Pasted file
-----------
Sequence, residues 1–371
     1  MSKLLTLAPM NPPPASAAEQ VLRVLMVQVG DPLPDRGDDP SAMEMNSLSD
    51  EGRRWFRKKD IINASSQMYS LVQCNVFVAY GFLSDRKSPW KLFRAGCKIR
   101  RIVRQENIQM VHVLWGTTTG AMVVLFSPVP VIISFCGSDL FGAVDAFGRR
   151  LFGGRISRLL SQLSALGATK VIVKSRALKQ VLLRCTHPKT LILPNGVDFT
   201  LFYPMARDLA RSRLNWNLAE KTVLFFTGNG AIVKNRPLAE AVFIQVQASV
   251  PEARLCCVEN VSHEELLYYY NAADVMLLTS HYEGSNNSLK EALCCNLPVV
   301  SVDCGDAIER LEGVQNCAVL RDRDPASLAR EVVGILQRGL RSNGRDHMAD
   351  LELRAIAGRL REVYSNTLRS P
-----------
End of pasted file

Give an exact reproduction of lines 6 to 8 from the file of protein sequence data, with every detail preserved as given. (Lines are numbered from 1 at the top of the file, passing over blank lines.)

   201  LFYPMARDLA RSRLNWNLAE KTVLFFTGNG AIVKNRPLAE AVFIQVQASV
   251  PEARLCCVEN VSHEELLYYY NAADVMLLTS HYEGSNNSLK EALCCNLPVV
   301  SVDCGDAIER LEGVQNCAVL RDRDPASLAR EVVGILQRGL RSNGRDHMAD